How to share files via NFS

This guide explains how to share files between servers via a network. NFS stands for Network File System and can be used to access data of the remote server locally via the attached filesystem. This example consists of 2 servers, one of them will act as a host (storage1) and the second will be a client (storage2) to which the file system will be attached from the host.

Connect to both host and client and install the nfs-utils package.

NFS at CentOS:

[root@storage1 ~]# yum -y install nfs-utils
[root@storage2 ~]# yum -y install nfs-utils

NFS at Ubuntu/Debian:

[root@storage1 ~]# yum -y install nfs-common
[root@storage2 ~]# yum -y install nfs-common

Create a directory that will be shared with the client-server. If it’s already created then skip this step.

[root@storage1 ~]# mkdir -p /home/data

Assign permissions and ownership to the shared folder.

[root@storage1 ~]# chmod -R 755 /home/data/
[root@storage1 ~]# chown nfsnobody:nfsnobody /home/data/

Start NFS services

[root@storage1 ~]# systemctl enable rpcbind
[root@storage1 ~]# systemctl enable nfs-server
Created symlink from /etc/systemd/system/ to /usr/lib/systemd/system/nfs-server.service.
[root@storage1 ~]# systemctl enable nfs-lock
[root@storage1 ~]# systemctl enable nfs-idmap
[root@storage1 ~]# systemctl start rpcbind
[root@storage1 ~]# systemctl start nfs-server
[root@storage1 ~]# systemctl start nfs-lock
[root@storage1 ~]# systemctl start nfs-idmap

Define which folder to which client will be shared by editing file /etc/exports

[root@storage1 ~]# vi /etc/exports

In this case, the content of the file will be as follows where is the client-server public IP address.


Restart NFS service.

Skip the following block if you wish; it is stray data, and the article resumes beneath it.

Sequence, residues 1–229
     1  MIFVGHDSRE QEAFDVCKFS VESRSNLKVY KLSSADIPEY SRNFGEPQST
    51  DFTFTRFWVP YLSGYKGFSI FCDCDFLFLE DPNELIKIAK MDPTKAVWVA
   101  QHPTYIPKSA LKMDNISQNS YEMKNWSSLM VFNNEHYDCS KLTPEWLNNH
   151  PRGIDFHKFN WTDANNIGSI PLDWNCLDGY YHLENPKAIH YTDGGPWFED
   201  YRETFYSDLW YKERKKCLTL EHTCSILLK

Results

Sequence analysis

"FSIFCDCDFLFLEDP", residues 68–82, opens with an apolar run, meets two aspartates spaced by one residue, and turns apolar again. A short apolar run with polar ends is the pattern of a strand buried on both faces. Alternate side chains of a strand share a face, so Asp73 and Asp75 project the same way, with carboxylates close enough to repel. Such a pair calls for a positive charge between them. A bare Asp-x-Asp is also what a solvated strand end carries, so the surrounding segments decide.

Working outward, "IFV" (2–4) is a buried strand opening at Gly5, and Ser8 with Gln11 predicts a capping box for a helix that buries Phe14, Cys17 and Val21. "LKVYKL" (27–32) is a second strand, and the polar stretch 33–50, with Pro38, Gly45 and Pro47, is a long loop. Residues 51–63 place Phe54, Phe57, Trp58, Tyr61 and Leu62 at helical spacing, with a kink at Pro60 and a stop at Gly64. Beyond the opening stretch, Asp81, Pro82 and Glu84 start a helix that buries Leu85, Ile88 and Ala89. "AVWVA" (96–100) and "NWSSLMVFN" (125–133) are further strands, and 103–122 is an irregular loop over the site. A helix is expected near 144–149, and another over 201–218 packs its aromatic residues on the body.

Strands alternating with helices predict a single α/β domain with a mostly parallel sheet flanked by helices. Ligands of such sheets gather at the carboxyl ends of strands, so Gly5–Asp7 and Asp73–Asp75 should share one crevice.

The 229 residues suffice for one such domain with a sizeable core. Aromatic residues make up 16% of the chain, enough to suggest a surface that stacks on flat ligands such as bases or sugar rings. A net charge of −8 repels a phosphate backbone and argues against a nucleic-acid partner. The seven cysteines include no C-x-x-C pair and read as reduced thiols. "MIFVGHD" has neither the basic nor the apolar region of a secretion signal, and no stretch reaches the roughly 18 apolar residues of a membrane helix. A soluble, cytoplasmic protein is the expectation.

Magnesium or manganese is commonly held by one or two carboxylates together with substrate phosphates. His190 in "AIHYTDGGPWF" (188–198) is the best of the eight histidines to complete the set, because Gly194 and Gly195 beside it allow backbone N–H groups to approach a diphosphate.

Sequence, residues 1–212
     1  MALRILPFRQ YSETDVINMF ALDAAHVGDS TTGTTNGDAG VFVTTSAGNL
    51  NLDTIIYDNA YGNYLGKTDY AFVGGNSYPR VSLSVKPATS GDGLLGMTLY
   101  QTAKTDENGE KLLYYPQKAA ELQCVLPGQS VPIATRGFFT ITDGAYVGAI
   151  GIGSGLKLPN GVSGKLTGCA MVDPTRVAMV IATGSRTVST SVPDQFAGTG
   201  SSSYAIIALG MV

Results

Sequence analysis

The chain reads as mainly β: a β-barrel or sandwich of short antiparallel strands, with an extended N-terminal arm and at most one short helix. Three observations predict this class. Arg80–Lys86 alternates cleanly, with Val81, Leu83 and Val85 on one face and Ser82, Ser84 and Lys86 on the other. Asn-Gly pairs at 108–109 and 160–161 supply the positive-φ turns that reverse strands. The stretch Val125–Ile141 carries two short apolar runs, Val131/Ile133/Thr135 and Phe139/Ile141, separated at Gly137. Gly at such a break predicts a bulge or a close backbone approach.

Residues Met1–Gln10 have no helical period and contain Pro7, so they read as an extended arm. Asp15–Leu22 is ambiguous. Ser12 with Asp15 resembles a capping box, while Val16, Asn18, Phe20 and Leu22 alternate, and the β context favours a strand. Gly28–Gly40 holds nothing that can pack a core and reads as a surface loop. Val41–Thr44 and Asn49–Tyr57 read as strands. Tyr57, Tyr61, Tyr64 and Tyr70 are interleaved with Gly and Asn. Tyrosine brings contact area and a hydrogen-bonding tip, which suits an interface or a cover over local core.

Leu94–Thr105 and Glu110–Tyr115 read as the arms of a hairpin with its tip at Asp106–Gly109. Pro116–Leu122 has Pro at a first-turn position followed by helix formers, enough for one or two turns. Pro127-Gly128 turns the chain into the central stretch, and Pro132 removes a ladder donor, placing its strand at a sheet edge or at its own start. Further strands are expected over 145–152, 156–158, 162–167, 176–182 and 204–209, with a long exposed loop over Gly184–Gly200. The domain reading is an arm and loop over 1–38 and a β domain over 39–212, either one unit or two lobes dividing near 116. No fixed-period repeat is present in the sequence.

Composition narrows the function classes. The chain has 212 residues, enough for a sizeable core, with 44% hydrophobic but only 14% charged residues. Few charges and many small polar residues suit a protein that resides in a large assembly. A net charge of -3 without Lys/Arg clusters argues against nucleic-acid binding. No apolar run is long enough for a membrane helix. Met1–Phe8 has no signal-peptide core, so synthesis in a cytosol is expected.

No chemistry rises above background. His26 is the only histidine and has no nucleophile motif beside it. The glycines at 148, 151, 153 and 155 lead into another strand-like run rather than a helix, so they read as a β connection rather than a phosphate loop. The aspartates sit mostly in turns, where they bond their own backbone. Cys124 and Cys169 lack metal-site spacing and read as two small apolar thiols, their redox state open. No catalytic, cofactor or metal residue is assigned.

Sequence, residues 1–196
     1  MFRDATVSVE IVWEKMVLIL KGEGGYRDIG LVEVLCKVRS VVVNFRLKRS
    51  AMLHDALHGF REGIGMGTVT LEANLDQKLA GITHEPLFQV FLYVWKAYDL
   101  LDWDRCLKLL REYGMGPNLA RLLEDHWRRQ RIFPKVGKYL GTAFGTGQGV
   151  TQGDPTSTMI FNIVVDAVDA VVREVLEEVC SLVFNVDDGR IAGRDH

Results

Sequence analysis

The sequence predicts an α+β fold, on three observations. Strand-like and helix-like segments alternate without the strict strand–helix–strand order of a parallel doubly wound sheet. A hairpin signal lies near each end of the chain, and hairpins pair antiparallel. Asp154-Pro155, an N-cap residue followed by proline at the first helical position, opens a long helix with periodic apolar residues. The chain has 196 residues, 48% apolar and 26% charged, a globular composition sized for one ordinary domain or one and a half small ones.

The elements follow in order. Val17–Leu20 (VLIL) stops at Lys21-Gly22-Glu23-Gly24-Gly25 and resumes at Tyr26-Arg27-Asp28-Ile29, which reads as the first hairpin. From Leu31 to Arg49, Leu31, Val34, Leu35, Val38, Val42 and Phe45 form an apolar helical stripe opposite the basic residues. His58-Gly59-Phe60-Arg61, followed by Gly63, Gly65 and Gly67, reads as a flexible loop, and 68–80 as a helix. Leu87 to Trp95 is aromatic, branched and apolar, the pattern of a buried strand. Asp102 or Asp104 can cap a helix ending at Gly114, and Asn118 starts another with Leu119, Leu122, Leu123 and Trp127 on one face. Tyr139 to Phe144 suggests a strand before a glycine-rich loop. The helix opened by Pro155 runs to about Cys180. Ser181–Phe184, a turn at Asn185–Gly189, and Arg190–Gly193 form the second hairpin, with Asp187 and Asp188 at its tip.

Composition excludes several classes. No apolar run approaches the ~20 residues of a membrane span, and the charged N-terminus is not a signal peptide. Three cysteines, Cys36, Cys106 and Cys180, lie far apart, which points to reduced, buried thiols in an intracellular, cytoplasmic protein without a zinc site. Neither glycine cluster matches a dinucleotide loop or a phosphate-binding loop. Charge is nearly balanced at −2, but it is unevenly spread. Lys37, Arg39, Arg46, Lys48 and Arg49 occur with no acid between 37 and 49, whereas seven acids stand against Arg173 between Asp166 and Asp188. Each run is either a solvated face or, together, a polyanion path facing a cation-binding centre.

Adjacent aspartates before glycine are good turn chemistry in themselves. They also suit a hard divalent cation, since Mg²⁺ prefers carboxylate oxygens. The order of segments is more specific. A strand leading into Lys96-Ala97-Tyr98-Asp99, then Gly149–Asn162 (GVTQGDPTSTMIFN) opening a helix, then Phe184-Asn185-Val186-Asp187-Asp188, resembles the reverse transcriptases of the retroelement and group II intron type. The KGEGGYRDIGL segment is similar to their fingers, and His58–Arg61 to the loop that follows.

[root@storage1 ~]# systemctl restart nfs-server

In the client-server choose the directory in which the shared folder will be mounted or create a new one.

[root@storage2 ~]# mkdir -p /home/mystorage/

Attach the file system from the host to the client.

[root@storage2 ~]# mount -t nfs /home/mystorage/

Check if the file system was attached successfully.

[root@storage2 ~]# df -h
Filesystem             Size  Used Avail Use% Mounted on
devtmpfs               185M     0  185M   0% /dev
tmpfs                  209M     0  209M   0% /dev/shm
tmpfs                  209M  8.8M  200M   5% /run
tmpfs                  209M     0  209M   0% /sys/fs/cgroup
/dev/sda1               10G  2.0G  8.1G  20% /
tmpfs                   42M     0   42M   0% /run/user/0   10G  2.1G  8.0G  21% /home/mystorage

There we have a text file in the host server:

[root@storage1 ~]# cat /home/data/file.txt
This text file exists in storage1

Now it can be accessed locally in the client-server:

[root@storage2 ~]# cat /home/mystorage/file.txt
This text file exists in storage1

To keep the file system mounted after client-server reboot adds the following line at the bottom of the file /etc/fstab where is the host server public IP address. /home/mystorage nfs defaults 0 0

Related articles:

Was this article helpful?

Still need help?

Heficed Slack Community

Get involved in Heficed Slack community. Get updates, ask questions, connect with peers.

Heficed Slack

Need support?

If you need any further help, don't hesitate to send a support request to our support team.